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Bishop calls for calm amid the car park in Christmas message

Date: 22 December 2014

The Bishop of Dorking, The Rt Revd Ian Brackley asks if the pressure of Christmas is all worth it, as he gives his Christmas message. Listen via the Soundcloud link here or see the text below:


“It must be your busy time” everybody I meet seems to say to me, as it was said to me year after year as Christmas approached when I was vicar of a parish.  Busyness can mean hyperactivity, no time for people, too many things to get done, civility and courtesy disappearing from the supermarket car parks and pressure, pressure, pressure.  Is it all worth it?  What’s it all for?

When I was vicar I used to treasure the moment on Christmas Eve when I could go over to church, ostensibly to check that everything was ready for the first of our Christmas services. The flower ladies had worked their magic, the crib with Mary and Joseph was ready awaiting the arrival of the baby Jesus, who would be placed there at the Midnight Mass, and there was just me there, me and God.  Here was a chance to spend a few moments of quiet reflection and focus on why all the busyness and preparation – what’s it all for?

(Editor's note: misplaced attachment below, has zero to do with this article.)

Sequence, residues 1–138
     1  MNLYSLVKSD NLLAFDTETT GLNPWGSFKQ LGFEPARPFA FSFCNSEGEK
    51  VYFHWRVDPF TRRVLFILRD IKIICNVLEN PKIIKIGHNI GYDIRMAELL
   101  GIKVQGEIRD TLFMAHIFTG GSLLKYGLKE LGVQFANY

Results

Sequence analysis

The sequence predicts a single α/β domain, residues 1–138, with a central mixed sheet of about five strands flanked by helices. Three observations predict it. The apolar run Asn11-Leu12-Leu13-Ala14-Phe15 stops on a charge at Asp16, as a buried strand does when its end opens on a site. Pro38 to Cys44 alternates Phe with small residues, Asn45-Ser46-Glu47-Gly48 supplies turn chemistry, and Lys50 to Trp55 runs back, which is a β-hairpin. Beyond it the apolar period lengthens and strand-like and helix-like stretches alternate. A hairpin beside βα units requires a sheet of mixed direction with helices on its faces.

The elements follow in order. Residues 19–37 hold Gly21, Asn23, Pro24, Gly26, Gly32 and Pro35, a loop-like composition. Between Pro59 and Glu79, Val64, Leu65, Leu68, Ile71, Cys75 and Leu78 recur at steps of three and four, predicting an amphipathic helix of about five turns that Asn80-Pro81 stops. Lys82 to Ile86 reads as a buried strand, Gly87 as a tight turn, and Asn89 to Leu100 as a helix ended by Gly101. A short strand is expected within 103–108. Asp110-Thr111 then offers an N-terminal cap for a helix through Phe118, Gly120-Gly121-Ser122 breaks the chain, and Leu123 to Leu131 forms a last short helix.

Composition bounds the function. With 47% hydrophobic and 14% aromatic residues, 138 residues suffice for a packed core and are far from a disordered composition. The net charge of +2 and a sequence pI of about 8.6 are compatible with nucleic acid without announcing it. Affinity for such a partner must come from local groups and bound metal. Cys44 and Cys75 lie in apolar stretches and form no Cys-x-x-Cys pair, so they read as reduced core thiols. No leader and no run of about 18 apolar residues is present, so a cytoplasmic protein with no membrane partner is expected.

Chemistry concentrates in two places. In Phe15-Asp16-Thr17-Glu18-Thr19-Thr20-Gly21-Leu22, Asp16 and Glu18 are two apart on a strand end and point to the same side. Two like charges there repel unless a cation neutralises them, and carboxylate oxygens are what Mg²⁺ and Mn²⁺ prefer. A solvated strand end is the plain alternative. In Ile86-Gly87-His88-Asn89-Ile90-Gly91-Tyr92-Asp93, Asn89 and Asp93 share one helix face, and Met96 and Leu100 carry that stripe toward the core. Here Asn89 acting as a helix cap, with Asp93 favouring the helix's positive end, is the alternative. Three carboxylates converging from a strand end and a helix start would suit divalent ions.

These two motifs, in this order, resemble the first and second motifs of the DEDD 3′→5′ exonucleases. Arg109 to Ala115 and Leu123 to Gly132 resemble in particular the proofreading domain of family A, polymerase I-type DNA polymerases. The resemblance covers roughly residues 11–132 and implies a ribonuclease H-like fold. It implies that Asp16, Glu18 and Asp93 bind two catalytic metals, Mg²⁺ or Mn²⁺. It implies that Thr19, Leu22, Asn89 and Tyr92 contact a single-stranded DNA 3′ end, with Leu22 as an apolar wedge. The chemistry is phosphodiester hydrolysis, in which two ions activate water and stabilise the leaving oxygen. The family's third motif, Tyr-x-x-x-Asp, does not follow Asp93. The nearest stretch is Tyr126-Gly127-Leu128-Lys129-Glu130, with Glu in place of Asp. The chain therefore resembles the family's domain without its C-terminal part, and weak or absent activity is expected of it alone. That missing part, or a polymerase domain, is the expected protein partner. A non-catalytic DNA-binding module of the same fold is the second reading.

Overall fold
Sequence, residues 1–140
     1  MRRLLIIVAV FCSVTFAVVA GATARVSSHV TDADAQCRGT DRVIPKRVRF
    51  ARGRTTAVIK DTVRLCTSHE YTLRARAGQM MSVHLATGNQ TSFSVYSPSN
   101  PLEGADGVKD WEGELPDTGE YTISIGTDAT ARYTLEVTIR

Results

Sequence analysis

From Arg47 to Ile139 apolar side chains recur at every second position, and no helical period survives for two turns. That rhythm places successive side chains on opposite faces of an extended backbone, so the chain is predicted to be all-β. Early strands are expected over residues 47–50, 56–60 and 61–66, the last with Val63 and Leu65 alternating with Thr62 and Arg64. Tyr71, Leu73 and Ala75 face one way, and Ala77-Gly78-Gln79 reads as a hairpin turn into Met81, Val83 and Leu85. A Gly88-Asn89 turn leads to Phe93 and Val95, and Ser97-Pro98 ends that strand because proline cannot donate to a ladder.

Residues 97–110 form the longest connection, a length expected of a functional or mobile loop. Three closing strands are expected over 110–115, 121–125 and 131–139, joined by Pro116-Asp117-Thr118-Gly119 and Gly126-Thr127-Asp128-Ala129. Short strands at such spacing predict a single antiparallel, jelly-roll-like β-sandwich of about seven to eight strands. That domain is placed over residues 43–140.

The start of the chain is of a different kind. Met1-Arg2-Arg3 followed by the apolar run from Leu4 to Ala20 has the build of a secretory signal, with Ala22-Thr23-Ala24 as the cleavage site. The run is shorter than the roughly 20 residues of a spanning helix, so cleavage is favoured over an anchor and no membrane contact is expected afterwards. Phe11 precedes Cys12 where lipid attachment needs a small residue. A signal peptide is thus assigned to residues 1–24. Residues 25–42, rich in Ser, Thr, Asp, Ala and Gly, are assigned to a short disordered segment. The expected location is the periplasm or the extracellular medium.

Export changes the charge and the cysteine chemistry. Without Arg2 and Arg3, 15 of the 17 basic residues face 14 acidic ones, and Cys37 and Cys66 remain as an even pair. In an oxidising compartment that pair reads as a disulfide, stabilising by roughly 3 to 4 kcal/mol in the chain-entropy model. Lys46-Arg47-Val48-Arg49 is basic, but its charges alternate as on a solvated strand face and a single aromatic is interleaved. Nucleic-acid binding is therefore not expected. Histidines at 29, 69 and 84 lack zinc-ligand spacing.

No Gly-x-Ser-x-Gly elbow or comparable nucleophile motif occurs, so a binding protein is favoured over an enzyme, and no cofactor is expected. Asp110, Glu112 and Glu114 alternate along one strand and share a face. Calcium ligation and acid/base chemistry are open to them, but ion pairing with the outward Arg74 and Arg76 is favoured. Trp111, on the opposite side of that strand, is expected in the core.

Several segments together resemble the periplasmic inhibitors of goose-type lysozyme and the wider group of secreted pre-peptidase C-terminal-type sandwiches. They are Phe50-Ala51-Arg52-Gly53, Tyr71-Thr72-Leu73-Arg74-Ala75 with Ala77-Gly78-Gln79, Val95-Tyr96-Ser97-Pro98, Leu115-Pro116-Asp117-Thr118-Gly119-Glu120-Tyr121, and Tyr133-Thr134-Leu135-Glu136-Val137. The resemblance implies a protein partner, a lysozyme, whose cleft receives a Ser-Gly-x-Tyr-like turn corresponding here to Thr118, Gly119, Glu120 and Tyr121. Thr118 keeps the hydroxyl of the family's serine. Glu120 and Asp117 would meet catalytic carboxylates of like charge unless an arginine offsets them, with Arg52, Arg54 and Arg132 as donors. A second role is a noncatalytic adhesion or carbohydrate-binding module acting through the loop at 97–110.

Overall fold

So I simply suggest you try to find a few moments amidst all the busyness of preparation for Christmas to reflect on what’s it all for.  Perhaps sit down and pick up a Christmas card and focus on why we send greetings and good wishes to one another. What lies behind it?  Why is it called Christmas?  It is a celebration of the birth of Jesus Christ.  In the birth of Jesus, God shows how much he cares for and loves the human race.  This child shows us what God is like.  He was born for you and for me to help us draw closer to God.  All our anxieties and fears can be laid at his feet. So take a pause for thought and then enjoy all that is to come with friends and family and remember that at the heart of the celebration there is a feast of love, God’s love for you and for me.  And if we could all begin to grasp that, who knows, perhaps peace and goodwill will break out even in the supermarket car park.


"It must be your busy time..."

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